The dynamics of novel ink evolution have been a direct function of the regulations stipulated by governmental and other enforcement agencies. In the United States, the EPA in its policy statement1recommended drastic reduction in the use of volatile organic compounds (VOC) that might be released to the environment from various products and applications.

Until the early 1970s, ink chemistry was based entirely on organic solvents. The coatings industry in general relied on low-solids solvent systems (~10% solids). Such a high solvent content resulted in the release of a large amount of VOCs. During this period, chemists depended heavily on the molecular weight aspect of the polymeric materials to fine-tune the performance characteristics of the system. Naturally, high-molecular-weight polymers demanded high solvent/solid ratios.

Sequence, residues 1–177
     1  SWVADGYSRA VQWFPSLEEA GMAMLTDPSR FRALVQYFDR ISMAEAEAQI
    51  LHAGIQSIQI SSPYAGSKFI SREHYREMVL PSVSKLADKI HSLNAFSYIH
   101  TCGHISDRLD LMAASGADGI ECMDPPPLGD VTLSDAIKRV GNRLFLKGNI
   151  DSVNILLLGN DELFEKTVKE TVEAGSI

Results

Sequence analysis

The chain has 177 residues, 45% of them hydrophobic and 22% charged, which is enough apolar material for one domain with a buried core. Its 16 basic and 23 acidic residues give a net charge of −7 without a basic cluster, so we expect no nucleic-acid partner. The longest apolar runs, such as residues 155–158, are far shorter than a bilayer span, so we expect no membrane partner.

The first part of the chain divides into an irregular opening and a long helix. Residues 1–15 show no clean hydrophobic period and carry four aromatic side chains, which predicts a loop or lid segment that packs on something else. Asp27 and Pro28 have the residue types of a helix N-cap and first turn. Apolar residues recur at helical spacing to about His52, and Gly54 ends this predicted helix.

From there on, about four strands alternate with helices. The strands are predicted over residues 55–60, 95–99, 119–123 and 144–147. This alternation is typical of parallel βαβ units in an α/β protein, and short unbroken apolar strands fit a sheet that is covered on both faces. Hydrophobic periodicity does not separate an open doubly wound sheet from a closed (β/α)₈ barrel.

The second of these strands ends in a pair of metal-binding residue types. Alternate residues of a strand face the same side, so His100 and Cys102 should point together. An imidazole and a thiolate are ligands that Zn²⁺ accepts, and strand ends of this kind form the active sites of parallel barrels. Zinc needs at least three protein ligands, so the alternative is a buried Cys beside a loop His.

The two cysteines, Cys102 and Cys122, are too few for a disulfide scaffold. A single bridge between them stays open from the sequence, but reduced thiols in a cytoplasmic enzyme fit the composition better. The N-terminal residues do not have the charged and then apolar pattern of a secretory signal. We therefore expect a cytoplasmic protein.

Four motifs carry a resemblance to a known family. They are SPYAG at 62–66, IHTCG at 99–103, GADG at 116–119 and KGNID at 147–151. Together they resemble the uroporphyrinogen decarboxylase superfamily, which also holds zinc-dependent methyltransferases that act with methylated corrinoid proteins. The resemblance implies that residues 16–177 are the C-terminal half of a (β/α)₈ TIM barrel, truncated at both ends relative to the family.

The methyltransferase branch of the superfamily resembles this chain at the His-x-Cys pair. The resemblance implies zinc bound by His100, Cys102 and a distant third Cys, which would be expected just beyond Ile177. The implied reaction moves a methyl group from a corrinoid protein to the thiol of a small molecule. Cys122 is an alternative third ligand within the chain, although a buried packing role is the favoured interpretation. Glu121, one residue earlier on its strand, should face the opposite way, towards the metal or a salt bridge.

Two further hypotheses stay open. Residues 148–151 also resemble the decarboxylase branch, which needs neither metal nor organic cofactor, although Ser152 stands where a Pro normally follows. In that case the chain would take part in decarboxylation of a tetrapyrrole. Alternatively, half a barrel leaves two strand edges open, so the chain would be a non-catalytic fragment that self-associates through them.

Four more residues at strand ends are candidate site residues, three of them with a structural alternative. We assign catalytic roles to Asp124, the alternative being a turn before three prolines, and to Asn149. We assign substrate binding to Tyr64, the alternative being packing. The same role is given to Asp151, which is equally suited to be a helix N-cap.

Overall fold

When the necessity of switching over from solvent systems became imminent, a two-pronged approach was adopted. The first one was the obvious choice of using water as solvent, and accommodating high-solid content. The second one, which was more imaginative, centered on manipulating the molecular weight problem of the polymer. In this approach, monomers and low-molecular-weight polymers (oligomers) were substituted for the high-molecular-weight ones. What was needed was a mechanism to initiate the in-situ polymerization of these species that would cure the coating. This step could be carried out by a variety of methods. The simplest means of using heat (thermal curing) did not become popular since relatively high temperatures were necessary to trigger the polymerization process, even in the presence of chemical initiators, which could be detrimental to many substrates.